The event has been held since 1984 in honor of Hawaiian surfer Eddie Aikau, the first lifeguard on Oahu’s North Shore, home to some of the world’s most famous and dangerous beaches. Aikau saved over 500 people as a lifeguard and became known as a surfer who braved giant waves that no one else ever attempted.
Aikau was already larger than life when he joined the crew of a voyage canoe following the ancient Polynesian migratory route between Hawaii and Tahiti in 1978. Within hours of setting sail, the ship Hōkūleʻa capsized. After waiting hours for help, Aikau took his surfboard and paddled to Hawaii’s Lanai for help. The rest of the crew were rescued by the United States Coast Guard hours later, and Aikau was never seen again.
The Eddy Surf Contest was founded six years later and has only run nine times since then. Whether the convention is held or not, being included and invited to the opening ceremony is a sign of respect and recognition from the Aikau family.
Isabel Leonhard, a big-wave surfer from Colima, Mexico, said being invited to the competition was “the biggest honor in the world.” She was one of many surfers who visited Oahu for her Dec. 9 opening ceremony of the 2022-23 contest.
“In Hawaii we represent the history of big waves and the history of surfers like Eddie trying to conquer those waves,” said 39-year-old Leonhardt. “His way of life and what he has done for others makes this event all the more special because it allows us to give purpose to surfing.”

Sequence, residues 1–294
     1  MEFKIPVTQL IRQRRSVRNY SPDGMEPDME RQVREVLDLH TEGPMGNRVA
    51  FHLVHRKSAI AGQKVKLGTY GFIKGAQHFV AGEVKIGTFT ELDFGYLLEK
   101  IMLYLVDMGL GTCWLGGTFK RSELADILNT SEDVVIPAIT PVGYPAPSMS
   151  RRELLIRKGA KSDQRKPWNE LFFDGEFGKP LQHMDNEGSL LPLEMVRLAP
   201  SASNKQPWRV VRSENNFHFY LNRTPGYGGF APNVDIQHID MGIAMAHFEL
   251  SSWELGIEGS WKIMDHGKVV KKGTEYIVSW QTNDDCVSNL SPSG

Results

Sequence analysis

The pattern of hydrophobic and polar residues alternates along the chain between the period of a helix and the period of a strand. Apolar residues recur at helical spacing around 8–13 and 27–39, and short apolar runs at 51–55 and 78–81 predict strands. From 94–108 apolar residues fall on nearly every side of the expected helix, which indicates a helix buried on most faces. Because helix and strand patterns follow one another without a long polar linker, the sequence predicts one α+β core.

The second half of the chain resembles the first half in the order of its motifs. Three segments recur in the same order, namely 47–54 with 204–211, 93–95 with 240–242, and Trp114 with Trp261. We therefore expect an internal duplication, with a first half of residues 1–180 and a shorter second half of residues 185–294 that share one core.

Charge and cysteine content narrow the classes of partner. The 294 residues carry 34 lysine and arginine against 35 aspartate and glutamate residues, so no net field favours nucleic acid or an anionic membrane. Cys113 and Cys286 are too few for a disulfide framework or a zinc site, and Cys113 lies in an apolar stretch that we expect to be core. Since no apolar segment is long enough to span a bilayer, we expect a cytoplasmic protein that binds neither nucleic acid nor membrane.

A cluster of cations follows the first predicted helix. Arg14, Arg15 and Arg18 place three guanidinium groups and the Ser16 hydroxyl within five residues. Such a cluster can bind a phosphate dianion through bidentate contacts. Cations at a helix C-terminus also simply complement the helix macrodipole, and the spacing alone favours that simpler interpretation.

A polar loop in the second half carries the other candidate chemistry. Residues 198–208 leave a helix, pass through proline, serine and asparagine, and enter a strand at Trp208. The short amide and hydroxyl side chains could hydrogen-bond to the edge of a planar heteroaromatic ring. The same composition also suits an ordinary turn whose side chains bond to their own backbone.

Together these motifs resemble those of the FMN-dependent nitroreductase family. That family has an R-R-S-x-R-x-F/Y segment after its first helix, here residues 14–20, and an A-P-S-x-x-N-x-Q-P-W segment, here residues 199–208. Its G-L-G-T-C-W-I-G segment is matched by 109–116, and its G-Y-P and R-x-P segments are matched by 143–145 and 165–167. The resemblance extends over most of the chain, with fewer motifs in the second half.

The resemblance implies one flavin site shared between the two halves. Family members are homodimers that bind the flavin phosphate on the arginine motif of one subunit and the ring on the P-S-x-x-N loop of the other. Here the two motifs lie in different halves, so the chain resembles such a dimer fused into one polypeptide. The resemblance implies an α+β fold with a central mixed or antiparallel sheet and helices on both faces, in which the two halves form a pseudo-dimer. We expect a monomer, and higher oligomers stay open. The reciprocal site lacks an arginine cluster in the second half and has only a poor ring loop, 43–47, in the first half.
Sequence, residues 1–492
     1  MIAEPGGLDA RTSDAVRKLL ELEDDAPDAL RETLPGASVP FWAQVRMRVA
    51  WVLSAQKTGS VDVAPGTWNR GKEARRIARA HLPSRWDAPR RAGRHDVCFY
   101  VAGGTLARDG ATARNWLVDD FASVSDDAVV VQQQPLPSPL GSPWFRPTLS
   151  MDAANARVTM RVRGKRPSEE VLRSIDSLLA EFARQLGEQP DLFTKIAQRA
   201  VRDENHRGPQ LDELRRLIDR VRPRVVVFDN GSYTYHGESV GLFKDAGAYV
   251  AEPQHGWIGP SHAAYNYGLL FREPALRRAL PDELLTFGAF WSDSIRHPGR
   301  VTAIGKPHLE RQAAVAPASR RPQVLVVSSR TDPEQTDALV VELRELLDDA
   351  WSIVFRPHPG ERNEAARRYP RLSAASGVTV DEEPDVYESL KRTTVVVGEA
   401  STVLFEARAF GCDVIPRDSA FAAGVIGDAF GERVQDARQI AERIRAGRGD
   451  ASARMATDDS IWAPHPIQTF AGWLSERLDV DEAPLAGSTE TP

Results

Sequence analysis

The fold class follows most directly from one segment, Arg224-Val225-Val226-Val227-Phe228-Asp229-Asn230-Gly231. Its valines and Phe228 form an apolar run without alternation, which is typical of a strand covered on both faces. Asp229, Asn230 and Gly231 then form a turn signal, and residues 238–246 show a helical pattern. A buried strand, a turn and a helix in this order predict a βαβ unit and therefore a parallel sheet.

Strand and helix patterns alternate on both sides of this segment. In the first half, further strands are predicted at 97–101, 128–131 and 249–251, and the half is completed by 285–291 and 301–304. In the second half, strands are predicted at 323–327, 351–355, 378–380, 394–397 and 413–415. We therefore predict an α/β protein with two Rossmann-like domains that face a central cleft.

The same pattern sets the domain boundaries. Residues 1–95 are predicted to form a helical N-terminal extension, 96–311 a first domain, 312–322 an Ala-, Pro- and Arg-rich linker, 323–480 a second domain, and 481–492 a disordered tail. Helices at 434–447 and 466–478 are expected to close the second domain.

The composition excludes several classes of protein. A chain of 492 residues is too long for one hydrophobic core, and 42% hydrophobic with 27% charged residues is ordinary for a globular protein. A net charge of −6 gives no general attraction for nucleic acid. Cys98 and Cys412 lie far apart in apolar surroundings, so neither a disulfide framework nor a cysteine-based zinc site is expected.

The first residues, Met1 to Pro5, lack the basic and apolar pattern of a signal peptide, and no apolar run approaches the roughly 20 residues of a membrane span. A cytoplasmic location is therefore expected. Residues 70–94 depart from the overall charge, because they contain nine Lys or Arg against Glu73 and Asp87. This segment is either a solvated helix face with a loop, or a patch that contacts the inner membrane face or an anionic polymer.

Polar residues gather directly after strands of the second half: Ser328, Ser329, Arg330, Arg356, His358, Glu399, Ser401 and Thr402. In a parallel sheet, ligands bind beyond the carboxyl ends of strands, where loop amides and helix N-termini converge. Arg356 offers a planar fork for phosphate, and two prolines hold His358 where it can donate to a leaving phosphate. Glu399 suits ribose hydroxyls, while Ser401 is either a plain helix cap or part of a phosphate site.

Smith also attended the opening ceremony, just as she was invited to for the first time in 2019. He was smirking as he greeted other big wave his surfers and hugged Clyde his Aikau with a ray around his neck. Attendees receive traditional blessings and sail out to Waimea Bay for the ceremony.
“The first time I paddled, I cried,” Smith said, pointing to the goosebumps on his arm. “Maybe because I’m Tahitian and we’re Polynesian too. To me, it means more than a surfing competition. When I paddle out, I feel like Eddie’s approaching me.”
In the early hours of January 11, when the invitees expected to wait for the heat, many were still paddled out to meet the monster swell rolling down the North Shore. Crowds met them on the beach.When the event was first announced, many locals were sick and out of work.They cheered as surfers fell into the powerful waves. I got
There was Koa Rothman researching a set of crashing waves, and Eli Olson who came in after “riding some fun waves.” Landon McNamara paddled out on a board with an ‘Eddie Will Go’ bumper sticker. Bianca Valenti was dazzled by “reuniting with the waves.” This is a wave that only breaks like this once or twice in the winter of a good year.
And Smith and Grosmere were delighted to see the massive set roll into the bay. When the event was cancelled, they both decided to board the next flight from Los Angeles to Honolulu.
The same instincts brought Leonhardt to the Bay, even though she was an alternate on the female invitee list. I went back and forth between taxis and planes.
I was timing each entry to a dangerous shore break. And, one by one, they returned to the sand, trembling with the excitement they had when they first came here.
After all, the Gulf did not call the day. But the swell was still coming, so they came too.